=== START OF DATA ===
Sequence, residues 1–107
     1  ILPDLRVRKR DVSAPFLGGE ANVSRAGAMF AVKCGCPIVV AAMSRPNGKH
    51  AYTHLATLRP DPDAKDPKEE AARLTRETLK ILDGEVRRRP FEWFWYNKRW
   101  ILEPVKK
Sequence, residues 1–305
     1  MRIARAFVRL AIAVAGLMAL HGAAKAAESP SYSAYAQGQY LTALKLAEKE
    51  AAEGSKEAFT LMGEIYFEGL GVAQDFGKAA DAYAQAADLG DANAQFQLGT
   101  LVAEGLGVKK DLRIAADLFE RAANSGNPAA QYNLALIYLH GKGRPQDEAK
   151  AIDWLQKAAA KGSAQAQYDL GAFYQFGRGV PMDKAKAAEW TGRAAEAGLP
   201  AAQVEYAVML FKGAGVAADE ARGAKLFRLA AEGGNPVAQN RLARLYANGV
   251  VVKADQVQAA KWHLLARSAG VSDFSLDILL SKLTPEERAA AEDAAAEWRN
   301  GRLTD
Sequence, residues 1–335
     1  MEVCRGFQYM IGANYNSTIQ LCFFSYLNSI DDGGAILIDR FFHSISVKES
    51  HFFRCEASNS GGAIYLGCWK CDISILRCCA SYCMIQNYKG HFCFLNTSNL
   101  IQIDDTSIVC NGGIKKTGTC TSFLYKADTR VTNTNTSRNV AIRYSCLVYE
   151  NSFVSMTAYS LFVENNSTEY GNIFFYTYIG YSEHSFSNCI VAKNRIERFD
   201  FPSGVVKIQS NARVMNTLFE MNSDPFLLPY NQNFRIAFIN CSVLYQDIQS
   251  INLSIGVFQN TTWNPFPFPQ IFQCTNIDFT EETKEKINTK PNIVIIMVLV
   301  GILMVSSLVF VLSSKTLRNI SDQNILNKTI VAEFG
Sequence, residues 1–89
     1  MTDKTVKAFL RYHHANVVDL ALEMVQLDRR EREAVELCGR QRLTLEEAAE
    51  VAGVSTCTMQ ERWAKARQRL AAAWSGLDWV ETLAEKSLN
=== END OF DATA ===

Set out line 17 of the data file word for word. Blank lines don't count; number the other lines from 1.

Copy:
   151  NSFVSMTAYS LFVENNSTEY GNIFFYTYIG YSEHSFSNCI VAKNRIERFD